Market Insider

Markets fear some of the biggest 2019 risks will come from Washington

Key Points
  • The Federal Reserve's interest rate policy has taken the brunt of criticism for shaking up markets.
  • Strategists say the president and congress too have become a source of volatility, and Trump's once positive impact on stocks has now become mostly a negative because of a higher element of uncertainty.
  • There could be a change in sentiment if both Republicans and Democrats look beyond how their actions affect their base and work together, ahead of the 2020 election.
President Donald Trump
Leah Willis | Reuters

It was Wall Street that scared the markets as storied institutions failed during the financial crisis, and now as stocks fall into bear market territory, it's Washington that's getting the blame.

Making matters worse is that when financial markets are in trouble, market pros usually turn to Washington's lawmakers and regulators for help, and now they find no solace.

"Normally you would expect Washington to be the cure, then you're remembering they are the cause," said Sam Stovall, chief investment strategist at CFRA.


The Federal Reserve's interest rate policy has taken the brunt of criticism for shaking up markets. In a Christmas Eve tweet, President Donald Trump said the Fed is "the only problem" the economy is facing. But strategists say the president too has become a source of volatility, and his once positive impact on stocks has now become mostly a negative.

The Trump administration  denied reports that the president wanted to fire Fed Chairman Jerome Powell. Even so, his long-running critique of the Fed chairman has created anxiety for markets and is one of the many reasons Trump too has become a factor for uncertainty.

On Wednesday, White House economic advisor Kevin Hassett said that the jobs of both Powell and Treasury Secretary Steven Mnuchin were secure.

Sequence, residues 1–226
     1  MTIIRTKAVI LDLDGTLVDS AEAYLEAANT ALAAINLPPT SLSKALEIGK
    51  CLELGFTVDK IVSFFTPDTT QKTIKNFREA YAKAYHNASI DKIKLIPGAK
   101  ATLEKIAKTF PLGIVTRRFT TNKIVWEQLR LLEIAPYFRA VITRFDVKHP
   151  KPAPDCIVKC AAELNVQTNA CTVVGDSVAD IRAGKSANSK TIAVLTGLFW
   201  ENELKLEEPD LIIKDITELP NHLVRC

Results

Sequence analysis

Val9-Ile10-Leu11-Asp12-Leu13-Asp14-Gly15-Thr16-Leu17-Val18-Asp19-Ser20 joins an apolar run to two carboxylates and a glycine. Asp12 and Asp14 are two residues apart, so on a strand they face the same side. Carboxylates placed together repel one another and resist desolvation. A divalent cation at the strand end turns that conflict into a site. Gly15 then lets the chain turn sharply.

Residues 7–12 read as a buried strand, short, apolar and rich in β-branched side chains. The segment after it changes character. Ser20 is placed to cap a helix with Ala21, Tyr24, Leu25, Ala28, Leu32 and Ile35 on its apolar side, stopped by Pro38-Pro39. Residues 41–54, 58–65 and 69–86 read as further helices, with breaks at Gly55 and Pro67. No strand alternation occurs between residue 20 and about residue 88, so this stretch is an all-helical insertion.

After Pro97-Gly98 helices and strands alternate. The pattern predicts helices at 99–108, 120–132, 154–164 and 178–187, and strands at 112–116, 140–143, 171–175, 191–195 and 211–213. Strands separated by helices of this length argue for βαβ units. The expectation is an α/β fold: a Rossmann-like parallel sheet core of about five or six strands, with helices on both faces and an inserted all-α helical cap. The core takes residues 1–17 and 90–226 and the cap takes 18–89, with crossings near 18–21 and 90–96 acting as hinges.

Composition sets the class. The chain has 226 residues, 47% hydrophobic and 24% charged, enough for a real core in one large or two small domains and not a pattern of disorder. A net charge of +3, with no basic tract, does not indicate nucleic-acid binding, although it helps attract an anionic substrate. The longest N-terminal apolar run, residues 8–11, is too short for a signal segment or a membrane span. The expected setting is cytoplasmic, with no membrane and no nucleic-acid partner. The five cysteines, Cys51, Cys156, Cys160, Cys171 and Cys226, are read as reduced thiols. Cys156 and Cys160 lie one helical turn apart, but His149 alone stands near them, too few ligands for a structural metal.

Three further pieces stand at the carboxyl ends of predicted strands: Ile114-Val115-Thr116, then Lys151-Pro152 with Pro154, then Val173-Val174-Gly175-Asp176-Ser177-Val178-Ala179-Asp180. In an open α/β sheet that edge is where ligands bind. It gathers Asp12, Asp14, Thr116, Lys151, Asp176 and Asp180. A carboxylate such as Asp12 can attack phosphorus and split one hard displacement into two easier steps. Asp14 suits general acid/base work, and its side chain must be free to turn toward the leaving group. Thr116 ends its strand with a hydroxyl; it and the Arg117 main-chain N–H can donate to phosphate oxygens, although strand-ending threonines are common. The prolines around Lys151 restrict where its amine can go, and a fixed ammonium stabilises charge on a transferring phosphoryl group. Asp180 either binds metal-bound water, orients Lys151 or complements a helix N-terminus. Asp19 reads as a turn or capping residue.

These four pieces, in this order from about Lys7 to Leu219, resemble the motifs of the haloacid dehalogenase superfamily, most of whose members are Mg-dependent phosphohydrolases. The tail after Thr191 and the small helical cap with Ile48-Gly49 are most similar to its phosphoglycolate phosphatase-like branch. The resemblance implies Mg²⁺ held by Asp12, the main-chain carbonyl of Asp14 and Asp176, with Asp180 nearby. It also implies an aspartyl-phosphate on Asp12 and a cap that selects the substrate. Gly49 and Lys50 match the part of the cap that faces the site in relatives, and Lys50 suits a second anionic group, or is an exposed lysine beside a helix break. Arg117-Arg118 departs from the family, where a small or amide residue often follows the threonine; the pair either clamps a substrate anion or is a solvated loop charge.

"The market can't have it both ways. It doesn't like Powell raising rates, and it doesn't like Trump threatening to remove Powell for raising rates. Nothing makes the market happy at this happiest time of the year," notes Chris Rupkey, chief financial economist at MUFG.

Stocks were volatile again Wednesday, moving sharply higher but the Dow gave back most of 282-point gain by late morning. On Monday, the fell sharply in a half-day session, with the joining the Nasdaq in a bear market — a decline of 20 percent or more based on its intraday high. The S&P is now down 14.5 percent in its worst December ever.

Strategists point to Trump's actions in just the past few weeks, including his trade policy and comments about being a "tariff man" after he met with Chinese President Xi Jinping. They also point to his bravado and willingness to shut down the government over the border wall in a meeting with Democrats. Several days later, it appeared he would agree to a deal, then he seemed to do an about-face, leading to the shutdown Friday night.

"We don't have a recession forecast next year, but we will if the stock market doesn't rally back from these extreme lows. This stock market is doing exactly what it is supposed to do right before a recession, and it will be a miracle if the economy avoids one, because no one down in Washington has a clue what to do to calm markets down and make the country's economic future turn out all right," said Rupkey.